However for seeing effects from higher altitude layers this is not likely. Tracking faster, like with an AO, is limited by the isoplanatic patch. This means that eventually fast correction rates (1 second or less) may make things worst by spreading the guide star seeing noise across the all image FOV, excepted inside the small isoplanatic patch.

The image below shows a very good example from the Palomar AO system (R. Dekany, Caltec).

Anisoplanatism: Example from Palomar AO system

An image, inside of the Lagoon nebula, was taken with (on the right) and without (on the left) AO. FOV 40”x40”, resolution 0.04” per pixel.
It is false color image made of three IR bands, 1200nm, 1600nm, and 2200nm. This, by the way, brings us back to the point we made above concerning seeing and wavelengths, most professional AO systems are used in IR bands where seeing is much less than in the visible. One of the main reason is that in the visible range the isoplanatic angle becomes very small leading to very challenging AO systems.
The two top center cropped images zoom in the same double stars, which is also used as the guide star for the AO. On the left (AO disabled) you cannot resolve them, the FWHM is 1.2”, on the right with the AO enabled the FWHM drops down to 0.2” both stars are easily resolved. Obviously this shows the power of a “true” AO, not just a simple tilt/tip correction, or image stabilization, like those for amateur astronomers (the correction rate here is close 4000Hz).
Now let’s look carefully at the cropped star images A, B and C. They are taken with the AO enabled at increasing angular distances from the guide star (GS offset, or guide star offset). You can clearly see that the further you are the worse it becomes, and we have:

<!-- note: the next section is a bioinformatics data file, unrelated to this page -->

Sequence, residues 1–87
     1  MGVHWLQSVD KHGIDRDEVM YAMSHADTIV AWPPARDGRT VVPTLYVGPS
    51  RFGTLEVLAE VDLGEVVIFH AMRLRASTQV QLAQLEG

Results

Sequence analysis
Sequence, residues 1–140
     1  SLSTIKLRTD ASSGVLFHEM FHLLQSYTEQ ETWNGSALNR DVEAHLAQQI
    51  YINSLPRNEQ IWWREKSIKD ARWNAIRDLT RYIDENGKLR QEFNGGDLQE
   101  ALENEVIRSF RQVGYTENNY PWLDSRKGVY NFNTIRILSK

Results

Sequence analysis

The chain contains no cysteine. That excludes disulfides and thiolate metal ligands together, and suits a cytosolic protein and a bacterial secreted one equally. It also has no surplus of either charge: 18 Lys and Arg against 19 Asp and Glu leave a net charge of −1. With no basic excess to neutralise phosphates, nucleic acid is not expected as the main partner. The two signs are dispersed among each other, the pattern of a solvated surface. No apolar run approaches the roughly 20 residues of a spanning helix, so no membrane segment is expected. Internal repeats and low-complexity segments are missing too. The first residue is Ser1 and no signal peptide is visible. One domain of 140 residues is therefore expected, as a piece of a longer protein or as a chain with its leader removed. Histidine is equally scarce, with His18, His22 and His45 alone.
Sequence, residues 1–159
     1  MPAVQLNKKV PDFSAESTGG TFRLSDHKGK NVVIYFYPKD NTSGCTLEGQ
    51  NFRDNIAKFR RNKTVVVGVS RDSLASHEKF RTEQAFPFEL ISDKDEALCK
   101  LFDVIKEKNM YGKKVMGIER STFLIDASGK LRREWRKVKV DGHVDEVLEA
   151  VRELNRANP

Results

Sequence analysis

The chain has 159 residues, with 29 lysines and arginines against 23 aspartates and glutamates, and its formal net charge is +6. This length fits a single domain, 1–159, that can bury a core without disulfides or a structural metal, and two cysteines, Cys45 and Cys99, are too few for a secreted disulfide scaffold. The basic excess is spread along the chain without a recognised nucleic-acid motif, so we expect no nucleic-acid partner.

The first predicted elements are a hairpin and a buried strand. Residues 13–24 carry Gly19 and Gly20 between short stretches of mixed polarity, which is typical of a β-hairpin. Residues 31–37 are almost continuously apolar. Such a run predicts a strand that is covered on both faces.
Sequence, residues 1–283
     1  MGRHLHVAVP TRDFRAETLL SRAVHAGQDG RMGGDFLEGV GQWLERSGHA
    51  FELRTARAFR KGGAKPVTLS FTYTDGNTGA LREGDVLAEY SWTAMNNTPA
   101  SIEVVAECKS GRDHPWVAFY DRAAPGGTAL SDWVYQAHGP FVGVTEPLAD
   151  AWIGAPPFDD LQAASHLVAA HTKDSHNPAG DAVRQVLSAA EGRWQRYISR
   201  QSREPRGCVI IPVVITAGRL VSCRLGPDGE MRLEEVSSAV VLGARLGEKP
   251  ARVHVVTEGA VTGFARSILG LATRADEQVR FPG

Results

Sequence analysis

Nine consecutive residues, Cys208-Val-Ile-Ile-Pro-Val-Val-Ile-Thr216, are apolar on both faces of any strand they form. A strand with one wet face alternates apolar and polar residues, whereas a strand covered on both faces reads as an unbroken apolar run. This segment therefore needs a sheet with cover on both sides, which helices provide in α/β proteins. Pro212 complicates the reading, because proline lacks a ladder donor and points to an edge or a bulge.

A at 5.5” => FWHM = 0.32”
B at 13.3” => FWHM = 0.45” x 0.59” (not round anymore!)
C at 23.2” => FWHM = 0.51” x 0.68” (the furthest and the worst too)

Here the isoplanatic angle is around 8” or so, not much and yet you are in the IR bands.
The AO corrections applied to the B and C locations in the FOV increase the image blur quite a lot, and introduce even distortions and aberrations (the stars are not round anymore). This is especially true if the OA system corrects higher order wavefront errors, not only the tilt/tip component, like professional ones do.
Again we should remember here that the all image is only 40″ by 40″, the AO improvement decreases quite rapidly with the angular distance from the guide star.
Comparing to the central performance the drop is significant at the C position, but of course, relative to our experience as amateur astronomers, it is still a quite good FWHM, I guess we would dream to achieve this, wouldn’t we?
Yet the star shapes are ugly, so what would be the point (beside science) to have tight elongated/distorted stars?
Anyway this example shows clearly the negative impact of fast correction rates outside the isoplanatic patch. Amateur AO device at fast rates could be relevant for double star resolution, but they should be used with caution for DSI.

Of course mount mechanical tracking errors, mirror motions, polar misalignment (beside field rotation), atmospheric refraction, and flexure are typically correlated across the FOV and therefore ideal candidates for image improvement using auto-guiding.

One option to mitigate seeing effects on tracking is to use the near infra-red light for auto-guiding. This can significantly improve the performances, up to 40%.
More detailed analysis on this matter can be found at our eduction page, guiding in near infrared (NIR).
For this matter our ONAG provides yet another unique opportunity to improve and smooth tracking while auto-guiding even under less than perfect seeing conditions.